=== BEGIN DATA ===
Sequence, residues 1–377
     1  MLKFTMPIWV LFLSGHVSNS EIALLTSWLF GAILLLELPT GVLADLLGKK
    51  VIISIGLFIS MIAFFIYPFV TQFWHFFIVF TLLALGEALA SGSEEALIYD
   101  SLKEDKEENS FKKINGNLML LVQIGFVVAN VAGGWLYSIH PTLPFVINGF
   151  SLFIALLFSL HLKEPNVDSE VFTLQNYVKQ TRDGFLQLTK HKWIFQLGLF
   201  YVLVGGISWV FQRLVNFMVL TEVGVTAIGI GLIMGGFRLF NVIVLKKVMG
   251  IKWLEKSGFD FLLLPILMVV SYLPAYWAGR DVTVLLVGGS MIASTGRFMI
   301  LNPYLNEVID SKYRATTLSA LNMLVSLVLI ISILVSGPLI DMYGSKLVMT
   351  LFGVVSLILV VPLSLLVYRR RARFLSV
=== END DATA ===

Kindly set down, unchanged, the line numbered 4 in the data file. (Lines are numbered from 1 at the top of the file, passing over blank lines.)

   101  SLKEDKEENS FKKINGNLML LVQIGFVVAN VAGGWLYSIH PTLPFVINGF